(WACO) – Texas State Technical College in Waco and Baylor University’s Institute for Air Science have partnered since 1991 to provide opportunities for students to learn about aviation.
“TSTC has been flight training for a long time,” said William “Trey” Cade III, director of Baylor’s Institute for Air Science. “It was only logical if we were going to have a partnership for a flight program, we would partner with TSTC.”
Baylor and TSTC alumna Bond Henderson and current Baylor and TSTC flight training student Andrew Dolan were both exposed to aviation at an early age.
Henderson, a Kennewick, Washington native, grew up listening to stories of her grandfather flying “Hueys,” the nickname for Bell UH-1 Iroquois helicopters, in the Vietnam War.
Henderson, 23, took her first discovery airplane flight while in high school, which quickly stoked her interest in flying. She graduated in 2016 with a bachelor’s degree in aviation science – professional pilot concentration from Baylor University and has an associate degree in aircraft pilot training from TSTC.
Henderson is now a fixed-wing instructor at TSTC and also working on helicopter pilot certifications.
“Baylor is a fantastic university,” she said. “This program brought me out of the ‘Baylor bubble’ and got me into more of Waco. I am thankful for the joint partnership. It gave me a real experience for the aviation industry and exposed me to more opportunities.”
Dolan, 21, knew he wanted to study aviation and attend a Christian university when he was attending high school in Ladera Ranch, Calif. He is majoring in the aviation science – professional pilot concentration at Baylor and is doing flight training at TSTC. Dolan is scheduled to graduate from Baylor in spring 2018.
He flies three times a week, weather permitting, with the hours in the air going toward his goal of flying in the U.S. Air Force or working for a West Coast and Hawaiian regional airline.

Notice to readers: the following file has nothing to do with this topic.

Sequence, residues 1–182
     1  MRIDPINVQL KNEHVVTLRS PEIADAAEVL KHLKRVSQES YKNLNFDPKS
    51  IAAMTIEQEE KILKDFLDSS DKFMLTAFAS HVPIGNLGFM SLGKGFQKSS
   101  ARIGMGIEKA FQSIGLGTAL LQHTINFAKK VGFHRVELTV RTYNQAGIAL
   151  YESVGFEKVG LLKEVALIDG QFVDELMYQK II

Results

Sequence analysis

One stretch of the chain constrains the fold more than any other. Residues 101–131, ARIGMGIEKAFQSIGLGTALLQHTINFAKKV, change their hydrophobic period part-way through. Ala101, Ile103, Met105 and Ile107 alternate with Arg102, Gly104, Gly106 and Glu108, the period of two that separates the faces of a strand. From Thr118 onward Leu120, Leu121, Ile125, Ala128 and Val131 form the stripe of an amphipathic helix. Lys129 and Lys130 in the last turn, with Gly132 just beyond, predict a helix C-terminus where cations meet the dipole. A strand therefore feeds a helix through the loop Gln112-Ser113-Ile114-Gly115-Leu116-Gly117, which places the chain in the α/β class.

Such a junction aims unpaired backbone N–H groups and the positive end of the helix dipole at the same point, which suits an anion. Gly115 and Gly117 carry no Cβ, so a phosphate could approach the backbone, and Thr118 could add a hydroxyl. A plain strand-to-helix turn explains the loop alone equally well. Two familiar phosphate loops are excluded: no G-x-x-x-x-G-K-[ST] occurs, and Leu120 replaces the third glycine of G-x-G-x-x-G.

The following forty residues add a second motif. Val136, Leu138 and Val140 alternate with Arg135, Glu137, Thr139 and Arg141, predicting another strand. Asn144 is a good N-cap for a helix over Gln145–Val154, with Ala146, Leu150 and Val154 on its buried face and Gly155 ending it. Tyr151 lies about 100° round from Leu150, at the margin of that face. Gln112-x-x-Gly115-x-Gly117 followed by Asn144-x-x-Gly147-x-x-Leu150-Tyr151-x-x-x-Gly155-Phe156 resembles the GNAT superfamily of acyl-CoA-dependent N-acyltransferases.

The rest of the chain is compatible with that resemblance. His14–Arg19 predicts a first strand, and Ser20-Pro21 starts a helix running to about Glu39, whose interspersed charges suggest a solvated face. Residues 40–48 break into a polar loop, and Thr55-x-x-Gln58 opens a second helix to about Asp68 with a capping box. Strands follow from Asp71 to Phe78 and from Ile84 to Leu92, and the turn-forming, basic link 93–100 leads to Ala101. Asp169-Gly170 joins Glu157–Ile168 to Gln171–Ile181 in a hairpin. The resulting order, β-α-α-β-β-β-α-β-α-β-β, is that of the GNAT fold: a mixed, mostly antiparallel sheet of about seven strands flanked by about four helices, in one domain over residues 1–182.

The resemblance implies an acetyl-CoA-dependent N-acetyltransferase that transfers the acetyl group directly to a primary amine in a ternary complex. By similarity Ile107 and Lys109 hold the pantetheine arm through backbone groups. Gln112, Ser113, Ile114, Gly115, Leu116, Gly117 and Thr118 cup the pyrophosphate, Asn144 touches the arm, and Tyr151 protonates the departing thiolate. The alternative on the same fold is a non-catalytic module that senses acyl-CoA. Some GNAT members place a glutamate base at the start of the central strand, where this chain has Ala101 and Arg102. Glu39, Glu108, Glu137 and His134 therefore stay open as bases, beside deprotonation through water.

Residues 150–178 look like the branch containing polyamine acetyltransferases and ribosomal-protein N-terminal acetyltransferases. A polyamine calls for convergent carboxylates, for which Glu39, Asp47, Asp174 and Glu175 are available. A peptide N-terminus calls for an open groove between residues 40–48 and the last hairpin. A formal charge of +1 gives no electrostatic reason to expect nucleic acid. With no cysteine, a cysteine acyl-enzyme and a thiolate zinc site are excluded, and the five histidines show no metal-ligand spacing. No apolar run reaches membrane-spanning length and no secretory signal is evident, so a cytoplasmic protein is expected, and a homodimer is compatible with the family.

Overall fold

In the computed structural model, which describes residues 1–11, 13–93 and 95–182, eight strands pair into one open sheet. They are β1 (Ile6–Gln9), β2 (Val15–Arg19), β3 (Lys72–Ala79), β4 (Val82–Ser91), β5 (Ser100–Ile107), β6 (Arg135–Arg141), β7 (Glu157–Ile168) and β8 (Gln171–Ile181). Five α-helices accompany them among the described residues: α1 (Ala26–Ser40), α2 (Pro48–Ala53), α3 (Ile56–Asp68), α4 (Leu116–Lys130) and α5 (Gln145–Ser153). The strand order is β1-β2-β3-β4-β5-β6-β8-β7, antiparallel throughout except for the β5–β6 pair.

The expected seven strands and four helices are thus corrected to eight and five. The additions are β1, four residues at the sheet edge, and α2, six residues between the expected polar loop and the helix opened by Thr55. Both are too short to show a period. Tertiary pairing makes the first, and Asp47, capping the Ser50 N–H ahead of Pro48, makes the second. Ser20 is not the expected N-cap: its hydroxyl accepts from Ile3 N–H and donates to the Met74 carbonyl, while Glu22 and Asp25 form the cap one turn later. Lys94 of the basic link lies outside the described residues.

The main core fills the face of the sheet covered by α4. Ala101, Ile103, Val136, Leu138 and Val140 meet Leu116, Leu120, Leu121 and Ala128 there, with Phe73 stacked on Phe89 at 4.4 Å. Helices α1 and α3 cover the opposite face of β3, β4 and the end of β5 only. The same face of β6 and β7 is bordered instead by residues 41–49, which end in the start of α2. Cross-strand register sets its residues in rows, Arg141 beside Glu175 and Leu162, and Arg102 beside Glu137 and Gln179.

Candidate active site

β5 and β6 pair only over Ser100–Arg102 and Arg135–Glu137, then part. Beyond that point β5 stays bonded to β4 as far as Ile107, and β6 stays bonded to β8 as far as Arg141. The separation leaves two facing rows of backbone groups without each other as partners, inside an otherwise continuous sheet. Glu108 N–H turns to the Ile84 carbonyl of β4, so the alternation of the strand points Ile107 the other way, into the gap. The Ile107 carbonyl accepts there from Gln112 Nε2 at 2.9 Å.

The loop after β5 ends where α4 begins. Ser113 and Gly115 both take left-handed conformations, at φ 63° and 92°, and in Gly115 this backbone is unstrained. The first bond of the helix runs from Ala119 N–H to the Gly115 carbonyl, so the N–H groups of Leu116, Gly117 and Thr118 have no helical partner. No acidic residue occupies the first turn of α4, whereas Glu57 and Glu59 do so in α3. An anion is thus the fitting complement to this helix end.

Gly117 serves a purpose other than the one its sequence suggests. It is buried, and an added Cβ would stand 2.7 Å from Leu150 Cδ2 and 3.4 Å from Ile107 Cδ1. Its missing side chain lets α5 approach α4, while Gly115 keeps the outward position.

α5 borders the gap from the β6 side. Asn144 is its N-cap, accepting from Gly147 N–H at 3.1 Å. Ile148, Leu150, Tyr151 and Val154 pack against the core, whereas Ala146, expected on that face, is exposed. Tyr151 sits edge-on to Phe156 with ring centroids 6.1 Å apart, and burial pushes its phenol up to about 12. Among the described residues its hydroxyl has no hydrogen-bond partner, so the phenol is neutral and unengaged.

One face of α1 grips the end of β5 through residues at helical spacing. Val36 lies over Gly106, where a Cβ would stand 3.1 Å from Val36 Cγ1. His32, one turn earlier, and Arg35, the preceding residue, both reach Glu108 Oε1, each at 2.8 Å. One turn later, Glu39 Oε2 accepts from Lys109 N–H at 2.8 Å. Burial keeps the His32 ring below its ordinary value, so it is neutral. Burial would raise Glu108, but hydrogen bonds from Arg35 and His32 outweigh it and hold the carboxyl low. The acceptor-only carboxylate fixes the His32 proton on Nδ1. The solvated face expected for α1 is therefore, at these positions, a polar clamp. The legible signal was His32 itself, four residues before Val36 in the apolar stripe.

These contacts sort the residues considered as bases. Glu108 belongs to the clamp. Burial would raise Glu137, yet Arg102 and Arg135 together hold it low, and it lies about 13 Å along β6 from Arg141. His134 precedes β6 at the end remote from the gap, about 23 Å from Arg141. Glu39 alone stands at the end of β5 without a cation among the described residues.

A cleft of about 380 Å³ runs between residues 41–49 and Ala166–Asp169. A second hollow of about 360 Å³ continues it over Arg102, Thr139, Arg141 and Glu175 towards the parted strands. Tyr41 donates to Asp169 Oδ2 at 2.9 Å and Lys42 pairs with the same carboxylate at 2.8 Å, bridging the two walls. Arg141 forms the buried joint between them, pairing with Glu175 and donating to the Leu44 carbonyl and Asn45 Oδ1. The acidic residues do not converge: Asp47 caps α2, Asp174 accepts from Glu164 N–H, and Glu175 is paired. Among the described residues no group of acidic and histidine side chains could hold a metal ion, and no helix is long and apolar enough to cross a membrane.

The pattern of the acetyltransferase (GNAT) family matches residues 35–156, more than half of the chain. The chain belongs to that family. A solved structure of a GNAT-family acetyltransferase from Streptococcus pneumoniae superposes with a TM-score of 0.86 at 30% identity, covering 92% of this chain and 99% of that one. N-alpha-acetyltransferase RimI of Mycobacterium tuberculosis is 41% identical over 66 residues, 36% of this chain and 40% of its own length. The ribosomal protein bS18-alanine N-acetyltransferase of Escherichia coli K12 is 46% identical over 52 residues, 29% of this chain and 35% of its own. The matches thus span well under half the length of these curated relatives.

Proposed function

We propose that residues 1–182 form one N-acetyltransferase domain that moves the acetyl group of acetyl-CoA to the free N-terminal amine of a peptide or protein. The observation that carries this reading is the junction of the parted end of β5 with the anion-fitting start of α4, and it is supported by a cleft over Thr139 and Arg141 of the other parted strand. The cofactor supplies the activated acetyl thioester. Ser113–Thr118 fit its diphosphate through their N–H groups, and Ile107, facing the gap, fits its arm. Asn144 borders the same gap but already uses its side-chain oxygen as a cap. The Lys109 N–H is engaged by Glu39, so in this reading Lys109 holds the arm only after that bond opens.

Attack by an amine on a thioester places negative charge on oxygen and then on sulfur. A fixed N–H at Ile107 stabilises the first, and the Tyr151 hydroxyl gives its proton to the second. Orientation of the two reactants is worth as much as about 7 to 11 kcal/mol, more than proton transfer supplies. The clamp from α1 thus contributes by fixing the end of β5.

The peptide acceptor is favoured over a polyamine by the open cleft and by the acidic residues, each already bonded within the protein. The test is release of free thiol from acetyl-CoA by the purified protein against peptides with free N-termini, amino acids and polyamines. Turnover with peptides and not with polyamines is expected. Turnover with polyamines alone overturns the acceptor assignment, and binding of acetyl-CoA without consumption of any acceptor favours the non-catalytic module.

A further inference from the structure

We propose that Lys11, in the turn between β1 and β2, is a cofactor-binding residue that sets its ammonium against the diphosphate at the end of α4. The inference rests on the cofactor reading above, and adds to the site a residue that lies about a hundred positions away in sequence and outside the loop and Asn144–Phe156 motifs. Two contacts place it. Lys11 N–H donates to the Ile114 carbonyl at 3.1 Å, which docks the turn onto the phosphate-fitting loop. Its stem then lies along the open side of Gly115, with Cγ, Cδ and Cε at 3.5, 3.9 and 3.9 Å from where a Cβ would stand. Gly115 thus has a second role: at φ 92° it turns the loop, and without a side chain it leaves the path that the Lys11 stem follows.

“TSTC is close to Baylor,” Dolan said. “It’s nice to get off campus. You can segment what you are doing. At TSTC, you don’t have the distractions. We (the Baylor aviation students) wear green, gray or black shirts. I have had some amazing instructors. Being at TSTC has been great.”
Carson Pearce, director of TSTC’s Aerospace Division, said there is a need for students to consider aviation because of the need for qualified pilots. Pearce said by 2024 there will be a projected shortage of 22,500 pilots worldwide.
“We are looking at the greatest shortage of pilots since the 1950s,” Pearce said. “This is due to the increase in commercial flights and retirements. There are airlines on our advisory board that are laying off aircraft because there aren’t pilots.”
Baylor offers bachelor’s degrees in aviation administration and aviation sciences concentrations in professional pilot, air traffic control and aircraft dispatch.
TSTC has associate degrees and certificates in the aircraft airframe technician, aircraft dispatch technology, aircraft pilot training technology and aircraft powerplant technology programs.
Baylor students can transfer their credits to TSTC to earn corresponding associate degrees, which is what Henderson chose to do.
Aviation was not what factored into Henderson’s college decision – it was her sense of adventure. She settled on Baylor after taking a campus tour and becoming enraptured by the buildings and trees. She enrolled as a business major but kept the possibility of aviation in her mind.
“Aviation turned into everything I love: there is business, physics, geometry, the human factors,” she said.
During the holiday break of her freshman year at Baylor, Henderson received flying lessons as a holiday gift. Then during the summer between her freshman and sophomore years, she took more lessons and got a private pilot’s license.
Henderson came across the aviation science curriculum on Baylor’s website and decided she found what she wanted to study. She shifted into the program a week before her sophomore year, which she said gave her motivation and focus with her college life and career goals.
Henderson learned about TSTC when she began taking Baylor’s aviation classes. At first she did not have a concept of what a two-year institution “looked” and “felt” like, but once she toured the James B. Connally Aerospace Center and TSTC Airport, she knew there were hands-on learning opportunities she had to take part in.
Henderson wants to fly helicopter tours at the Grand Canyon and later fly for emergency medical situations.
“Flying a helicopter is quite demanding and I love it so much,” she said. “I’ve always wanted to find something where I am helping the community,” she said.
For more information on Baylor University’s Institute for Air Science, go to baylor.edu/aviation.
For more information on Texas State Technical College, go to tstc.edu.